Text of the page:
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Right to Disconnect could be detrimental to employees, lawyers say

Employment law specialists have warned that giving employees the ‘right to disconnect’ could impact the flexible working patterns some employees have enjoyed during the pandemic, if it is not managed appropriately.


It follows growing calls from trade unions for the UK to follow in Ireland’s recent footsteps to introduce a right to disconnect clause in the forthcoming Employment Bill.

Under the right to disconnect, employees in Ireland are entitled to switch off from work and not engage in digitally enabled communications outside of their normal hours.


Calls for a similar clause in the UK have gained momentum in recent weeks, but it could potentially have a detrimental impact on future flexible working polices.


Talks to introduce greater workers’ rights and allowing people to switch off are seen as a positive move for the UK by many employment commentators, and would follow recent moves in employment law to support employee wellbeing.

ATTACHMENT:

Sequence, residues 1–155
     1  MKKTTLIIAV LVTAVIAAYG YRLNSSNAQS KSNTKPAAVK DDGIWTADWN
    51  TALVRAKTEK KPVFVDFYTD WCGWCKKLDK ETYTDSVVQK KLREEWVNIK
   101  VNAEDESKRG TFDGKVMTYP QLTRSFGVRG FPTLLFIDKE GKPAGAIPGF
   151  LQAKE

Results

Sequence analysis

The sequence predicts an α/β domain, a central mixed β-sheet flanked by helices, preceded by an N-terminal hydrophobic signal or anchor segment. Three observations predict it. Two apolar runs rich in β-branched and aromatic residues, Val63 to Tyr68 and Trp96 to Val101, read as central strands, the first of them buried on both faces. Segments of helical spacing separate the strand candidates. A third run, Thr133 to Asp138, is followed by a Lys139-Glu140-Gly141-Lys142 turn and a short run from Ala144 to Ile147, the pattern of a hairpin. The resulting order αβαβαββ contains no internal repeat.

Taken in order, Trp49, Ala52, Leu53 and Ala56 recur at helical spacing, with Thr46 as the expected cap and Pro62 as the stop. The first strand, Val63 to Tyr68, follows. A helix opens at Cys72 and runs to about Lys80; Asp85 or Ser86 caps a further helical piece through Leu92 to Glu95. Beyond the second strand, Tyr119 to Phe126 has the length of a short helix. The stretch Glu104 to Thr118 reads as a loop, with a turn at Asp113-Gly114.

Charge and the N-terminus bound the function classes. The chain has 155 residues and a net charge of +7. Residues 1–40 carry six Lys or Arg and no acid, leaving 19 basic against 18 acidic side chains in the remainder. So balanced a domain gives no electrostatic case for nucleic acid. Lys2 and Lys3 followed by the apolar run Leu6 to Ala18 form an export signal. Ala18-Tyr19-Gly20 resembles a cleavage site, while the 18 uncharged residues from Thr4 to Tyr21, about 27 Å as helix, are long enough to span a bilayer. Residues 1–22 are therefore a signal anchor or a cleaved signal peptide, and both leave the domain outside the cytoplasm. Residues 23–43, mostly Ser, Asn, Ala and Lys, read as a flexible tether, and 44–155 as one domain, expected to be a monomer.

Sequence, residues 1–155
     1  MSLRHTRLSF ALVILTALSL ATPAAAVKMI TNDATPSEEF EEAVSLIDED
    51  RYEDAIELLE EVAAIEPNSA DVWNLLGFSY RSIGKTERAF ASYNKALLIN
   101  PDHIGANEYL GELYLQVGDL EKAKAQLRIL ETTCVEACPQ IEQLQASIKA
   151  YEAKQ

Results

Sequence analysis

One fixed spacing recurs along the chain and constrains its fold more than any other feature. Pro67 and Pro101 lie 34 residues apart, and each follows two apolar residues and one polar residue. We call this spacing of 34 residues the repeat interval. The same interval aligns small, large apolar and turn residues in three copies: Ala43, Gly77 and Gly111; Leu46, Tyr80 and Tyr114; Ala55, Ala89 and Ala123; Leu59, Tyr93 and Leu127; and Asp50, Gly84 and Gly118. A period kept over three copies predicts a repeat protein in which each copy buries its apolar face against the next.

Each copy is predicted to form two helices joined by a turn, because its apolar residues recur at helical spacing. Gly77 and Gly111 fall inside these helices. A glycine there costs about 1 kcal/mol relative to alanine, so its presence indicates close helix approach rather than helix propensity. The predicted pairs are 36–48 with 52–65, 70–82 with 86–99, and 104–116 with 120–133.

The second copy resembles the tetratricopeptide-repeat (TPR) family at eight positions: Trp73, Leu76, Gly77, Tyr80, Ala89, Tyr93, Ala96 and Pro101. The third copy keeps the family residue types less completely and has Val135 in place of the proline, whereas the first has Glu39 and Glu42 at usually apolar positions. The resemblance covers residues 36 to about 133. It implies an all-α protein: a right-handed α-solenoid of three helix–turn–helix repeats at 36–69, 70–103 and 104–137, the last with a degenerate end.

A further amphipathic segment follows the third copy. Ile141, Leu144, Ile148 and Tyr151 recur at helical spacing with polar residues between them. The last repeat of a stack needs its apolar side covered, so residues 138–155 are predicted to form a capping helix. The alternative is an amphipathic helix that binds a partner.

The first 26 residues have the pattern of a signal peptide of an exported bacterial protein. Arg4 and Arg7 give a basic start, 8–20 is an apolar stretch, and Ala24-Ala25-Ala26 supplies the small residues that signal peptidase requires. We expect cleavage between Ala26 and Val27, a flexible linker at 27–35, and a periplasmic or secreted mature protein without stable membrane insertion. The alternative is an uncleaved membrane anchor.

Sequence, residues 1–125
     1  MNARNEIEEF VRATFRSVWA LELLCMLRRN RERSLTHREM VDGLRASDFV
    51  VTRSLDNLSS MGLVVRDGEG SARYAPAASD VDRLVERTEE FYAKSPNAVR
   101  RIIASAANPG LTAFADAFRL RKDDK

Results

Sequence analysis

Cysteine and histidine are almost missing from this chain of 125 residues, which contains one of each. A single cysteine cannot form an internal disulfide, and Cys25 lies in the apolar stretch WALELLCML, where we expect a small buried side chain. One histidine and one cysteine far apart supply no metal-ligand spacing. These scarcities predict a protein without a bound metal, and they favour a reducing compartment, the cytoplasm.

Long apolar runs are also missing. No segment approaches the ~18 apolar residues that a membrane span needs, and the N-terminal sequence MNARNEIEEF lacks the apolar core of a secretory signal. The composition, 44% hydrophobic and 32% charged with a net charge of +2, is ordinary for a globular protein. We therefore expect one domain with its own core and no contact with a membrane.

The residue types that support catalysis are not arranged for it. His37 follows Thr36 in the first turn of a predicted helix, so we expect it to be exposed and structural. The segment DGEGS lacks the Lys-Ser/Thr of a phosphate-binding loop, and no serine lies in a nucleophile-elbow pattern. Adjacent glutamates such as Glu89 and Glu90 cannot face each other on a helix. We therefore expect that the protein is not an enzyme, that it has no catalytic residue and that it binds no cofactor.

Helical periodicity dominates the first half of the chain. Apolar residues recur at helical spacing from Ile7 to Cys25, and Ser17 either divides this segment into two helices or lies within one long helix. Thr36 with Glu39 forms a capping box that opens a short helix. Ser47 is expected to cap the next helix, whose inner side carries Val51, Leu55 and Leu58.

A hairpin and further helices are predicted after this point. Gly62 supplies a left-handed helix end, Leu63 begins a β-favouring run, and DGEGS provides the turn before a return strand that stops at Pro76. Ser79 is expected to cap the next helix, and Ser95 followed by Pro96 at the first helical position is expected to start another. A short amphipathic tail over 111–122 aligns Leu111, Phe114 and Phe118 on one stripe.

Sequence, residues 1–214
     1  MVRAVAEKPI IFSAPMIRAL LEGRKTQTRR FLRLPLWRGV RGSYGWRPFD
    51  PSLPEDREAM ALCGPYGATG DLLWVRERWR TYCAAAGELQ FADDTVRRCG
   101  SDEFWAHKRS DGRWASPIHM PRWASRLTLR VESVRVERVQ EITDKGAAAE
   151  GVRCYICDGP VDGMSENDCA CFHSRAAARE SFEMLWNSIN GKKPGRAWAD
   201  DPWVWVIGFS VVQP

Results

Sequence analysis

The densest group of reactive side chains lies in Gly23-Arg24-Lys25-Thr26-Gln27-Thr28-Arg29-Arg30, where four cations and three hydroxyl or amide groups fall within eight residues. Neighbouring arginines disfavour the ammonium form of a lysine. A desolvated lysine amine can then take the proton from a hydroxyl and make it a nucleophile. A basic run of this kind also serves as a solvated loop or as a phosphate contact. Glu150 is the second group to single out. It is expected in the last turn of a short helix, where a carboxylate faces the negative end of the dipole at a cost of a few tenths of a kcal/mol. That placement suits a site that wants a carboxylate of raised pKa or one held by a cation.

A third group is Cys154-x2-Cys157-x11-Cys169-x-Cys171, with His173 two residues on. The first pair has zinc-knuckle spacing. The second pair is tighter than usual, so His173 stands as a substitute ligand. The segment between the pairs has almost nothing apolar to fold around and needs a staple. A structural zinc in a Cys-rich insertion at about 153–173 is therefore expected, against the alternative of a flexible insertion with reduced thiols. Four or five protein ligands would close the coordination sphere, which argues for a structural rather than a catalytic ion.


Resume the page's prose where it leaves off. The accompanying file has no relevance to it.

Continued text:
However, implementing the right to disconnect would mean some of the flexible working benefits could be lost in the short-term, according to employment law specialist solicitor Eileen Schofield.

Eileen Schofield, solicitor and owner of Schofield and Associates and member of Birmingham Law Society, said: “The principle of the right to disconnect is good and I believe that the UK should follow in Ireland’s footsteps; however, the timing needs to be right to work effectively. The pandemic has allowed companies and employees to realise the benefits of truly flexible working hours, which supports colleagues working around their home responsibilities.


“While some staff have benefited from this flexibility, clearly others have struggled to truly switch off after work. The right to disconnect is the right of an employee to not routinely perform work outside normal working hours; however over the last 12 months not everyone has worked ‘normal hours’.

“The challenge with applying a right to disconnect just now is that employees are becoming accustomed to choosing different working hours every day, but the right to disconnect is likely to mean that this total flexibility will not be completely viable.


“If the provision does come in with immediate effect then it will likely mean that employers will need to be more prescriptive with their employees’ working hours for it to be applied effectively. In my view, any such change as part of the Employment Bill should be deferred until at least late 2022 to allow employers and employees to determine the ‘new normal’ for their business.”

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